Browsing 340 - 350 results of 550 programs for category - Everyday Science
A lucky veteran teacher tells how she got started teaching in a supportive school and with help from her predecessor. This episode is one of several “first-year” stories from people in a difficult profession. How big does a mirror have to be for you to see yourself in it? Exploratorium staff physicist Thomas Humphrey describes an activity you can use in your classroom to investigate simple optics. Children’s book author David Schwartz tells how big numbers got him excited about math when he was a kid.
TI staff educator Eric Muller hits me up for change, and then demonstrates a neat science activity using dry ice.
Snow Mirror is the first in a series of pieces that celebrate slowness and black and white, in this piece the image of the viewer is created by the congregation and accumulation of white snow flakes in areas of the image that are brighter. The result is projected on a transparent silk fabric which creates a feeling of the flakes being suspended in space. Artist Daniel Rozin will be featured in the Exploratorium's 2009 exhibition, Reflections. A story can help make a subject come alive for your students. TI teacher coach Carol Murphy talks about the myriad ways she’s used storytelling in her science classes. A veteran teacher describes his first year teaching in a tough school district. This episode is one of several “first-year” stories from people in a difficult profession. Hear an interview with our host, Stephanie Chasteen, about why podcasts can be great professional development tools for teachers. The interview is excerpted from an episode of the Podcast for Teachers, which gave us the award for Best Professional Development Podcast.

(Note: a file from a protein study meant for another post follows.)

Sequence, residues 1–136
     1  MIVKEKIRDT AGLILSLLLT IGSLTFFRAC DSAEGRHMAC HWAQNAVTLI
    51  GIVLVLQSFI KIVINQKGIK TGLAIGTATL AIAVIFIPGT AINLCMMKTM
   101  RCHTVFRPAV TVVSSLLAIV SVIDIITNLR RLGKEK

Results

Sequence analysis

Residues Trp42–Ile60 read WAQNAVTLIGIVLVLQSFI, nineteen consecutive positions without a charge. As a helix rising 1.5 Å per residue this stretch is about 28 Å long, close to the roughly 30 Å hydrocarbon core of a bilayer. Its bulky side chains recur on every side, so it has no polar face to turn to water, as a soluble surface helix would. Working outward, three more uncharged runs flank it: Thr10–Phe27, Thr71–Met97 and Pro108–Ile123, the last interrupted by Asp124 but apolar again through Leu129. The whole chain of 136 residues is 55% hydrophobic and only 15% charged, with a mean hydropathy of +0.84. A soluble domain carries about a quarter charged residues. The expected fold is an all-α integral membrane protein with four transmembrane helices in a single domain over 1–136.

Join us for a live Webcast exploring eggs! Eggs are cells – the largest cells. We all come from eggs. Come explore the wondrous workings of eggs with staff biologists including naked eggs, de-shelled to demonstrate osmosis, sea urchin egg fertilization, life inside an egg using chick embryos, and other ova-vations to discover their amazing properties.
Join photographer David Arnold as he talks about photographing climate change.